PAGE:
Go Ahead, Ben & Jerry’s, Give Native Americans Back The HQ Land You Stole


So the mega-giant ice cream maker Ben & Jerry’s said last week that the U.S. should return “stolen Indigenous land” to Native Americans.

It didn’t take long for a tribal leader to take the company up on its offer. You see, Ben & Jerry’s headquarters in South Burlington, Vermont, actually sits on land that was once home to the Nulhegan Band of The Coosuk Abenaki Nation.

The band is one of four tribes descended from the Abenaki that are recognized in Vermont. On Friday, its chief, Don Stevens, told

the New York Post that he “looks forward to any kind of correspondence with the brand to see how they can better benefit Indigenous people.”

“If you look at the [Abenaki] traditional way of being, we are place-based people. Before recognized tribes in the state, we were the ones who were in this place,” Stevens said, adding that his band views themselves as “stewards of the land.”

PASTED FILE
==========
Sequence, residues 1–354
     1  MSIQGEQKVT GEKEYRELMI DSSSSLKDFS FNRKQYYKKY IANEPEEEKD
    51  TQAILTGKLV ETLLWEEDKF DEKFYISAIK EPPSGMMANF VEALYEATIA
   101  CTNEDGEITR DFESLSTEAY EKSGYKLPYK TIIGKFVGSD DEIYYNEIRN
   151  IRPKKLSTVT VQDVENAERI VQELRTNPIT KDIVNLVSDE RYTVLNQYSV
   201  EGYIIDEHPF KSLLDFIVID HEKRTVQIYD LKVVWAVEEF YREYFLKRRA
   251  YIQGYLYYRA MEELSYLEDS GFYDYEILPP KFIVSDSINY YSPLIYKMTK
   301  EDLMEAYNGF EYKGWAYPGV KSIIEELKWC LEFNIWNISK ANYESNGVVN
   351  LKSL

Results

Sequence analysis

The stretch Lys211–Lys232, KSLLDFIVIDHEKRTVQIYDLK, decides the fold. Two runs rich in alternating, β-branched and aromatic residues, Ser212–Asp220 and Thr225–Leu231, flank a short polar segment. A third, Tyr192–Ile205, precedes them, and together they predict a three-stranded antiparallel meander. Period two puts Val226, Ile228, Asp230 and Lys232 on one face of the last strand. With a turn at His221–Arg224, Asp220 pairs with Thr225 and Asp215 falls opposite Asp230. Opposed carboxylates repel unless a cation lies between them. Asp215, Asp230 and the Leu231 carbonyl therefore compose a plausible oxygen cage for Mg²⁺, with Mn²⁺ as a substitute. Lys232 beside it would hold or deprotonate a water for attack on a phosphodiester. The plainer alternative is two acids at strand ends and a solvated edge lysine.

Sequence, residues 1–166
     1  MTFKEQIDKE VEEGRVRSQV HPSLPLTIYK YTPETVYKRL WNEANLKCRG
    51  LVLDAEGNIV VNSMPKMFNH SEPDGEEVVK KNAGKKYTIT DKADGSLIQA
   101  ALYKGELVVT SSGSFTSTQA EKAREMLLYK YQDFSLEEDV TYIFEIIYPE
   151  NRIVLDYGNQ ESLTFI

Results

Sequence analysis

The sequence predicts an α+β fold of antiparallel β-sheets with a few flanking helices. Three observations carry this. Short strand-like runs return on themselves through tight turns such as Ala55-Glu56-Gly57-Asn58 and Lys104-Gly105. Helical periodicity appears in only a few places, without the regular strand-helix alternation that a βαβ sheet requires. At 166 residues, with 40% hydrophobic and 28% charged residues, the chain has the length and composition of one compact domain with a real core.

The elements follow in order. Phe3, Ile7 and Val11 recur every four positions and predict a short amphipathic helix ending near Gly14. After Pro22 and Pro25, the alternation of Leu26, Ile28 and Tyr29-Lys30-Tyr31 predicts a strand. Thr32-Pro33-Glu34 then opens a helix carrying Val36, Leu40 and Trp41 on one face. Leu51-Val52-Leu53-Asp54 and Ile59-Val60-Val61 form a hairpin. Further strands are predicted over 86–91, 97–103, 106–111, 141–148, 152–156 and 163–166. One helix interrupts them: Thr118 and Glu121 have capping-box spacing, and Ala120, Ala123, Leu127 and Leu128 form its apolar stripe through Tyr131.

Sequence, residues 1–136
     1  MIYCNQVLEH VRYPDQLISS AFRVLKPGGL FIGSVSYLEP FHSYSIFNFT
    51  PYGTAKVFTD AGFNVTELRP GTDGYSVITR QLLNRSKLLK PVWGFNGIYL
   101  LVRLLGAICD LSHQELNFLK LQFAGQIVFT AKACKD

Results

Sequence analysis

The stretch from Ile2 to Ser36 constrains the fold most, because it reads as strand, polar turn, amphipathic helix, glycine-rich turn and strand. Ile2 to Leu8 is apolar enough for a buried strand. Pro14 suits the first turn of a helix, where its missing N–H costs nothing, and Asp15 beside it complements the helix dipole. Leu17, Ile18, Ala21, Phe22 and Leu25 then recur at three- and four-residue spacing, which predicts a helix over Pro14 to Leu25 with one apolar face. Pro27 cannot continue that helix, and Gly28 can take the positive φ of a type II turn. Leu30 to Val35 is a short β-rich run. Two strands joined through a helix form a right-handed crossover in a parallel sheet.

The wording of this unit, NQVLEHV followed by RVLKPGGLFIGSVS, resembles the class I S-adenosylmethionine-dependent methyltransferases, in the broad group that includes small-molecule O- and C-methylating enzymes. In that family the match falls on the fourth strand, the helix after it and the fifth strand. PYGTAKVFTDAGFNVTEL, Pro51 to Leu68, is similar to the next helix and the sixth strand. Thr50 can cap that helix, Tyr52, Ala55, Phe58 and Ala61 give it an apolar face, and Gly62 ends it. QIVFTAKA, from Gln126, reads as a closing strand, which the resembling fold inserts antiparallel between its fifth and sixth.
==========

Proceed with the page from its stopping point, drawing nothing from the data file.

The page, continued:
“Humans have a responsibility to take care of resources in places because we have the ability to destroy,” he said. “We are always interested in reclaiming the stewardship of our lands throughout our traditional territories and providing opportunities to uplift our communities.”

Despite the Bud Light controversy, Ben & Jerry’s decided to ignite its own powder keg when it made a bold declaration just before July Fourth. “The U.S. was founded on stolen Indigenous land,” the company said in a statement ahead of Independence Day. “This year, let’s commit to returning it.”


The company added that its proposed movement was about “ensuring that Indigenous people can again govern the land their communities called home for thousands of years.”

So now, the hyper-liberal company in one of the most liberal states in America can put its money where its mouth is by giving Native Americans their land back — just as it demanded everyone else do.

Ben & Jerry’s spends a lot of time virtue signaling. Last year, it ripped its parent company Unilever for doing business with a local licensee in Israel, in essence sidestepping a boycott of Jewish settlements on the occupied West Bank.

“We continue to believe it is inconsistent with Ben & Jerry’s values for our ice cream to be sold in the Occupied Palestinian Territory,” Ben & Jerry’s wrote on Twitter.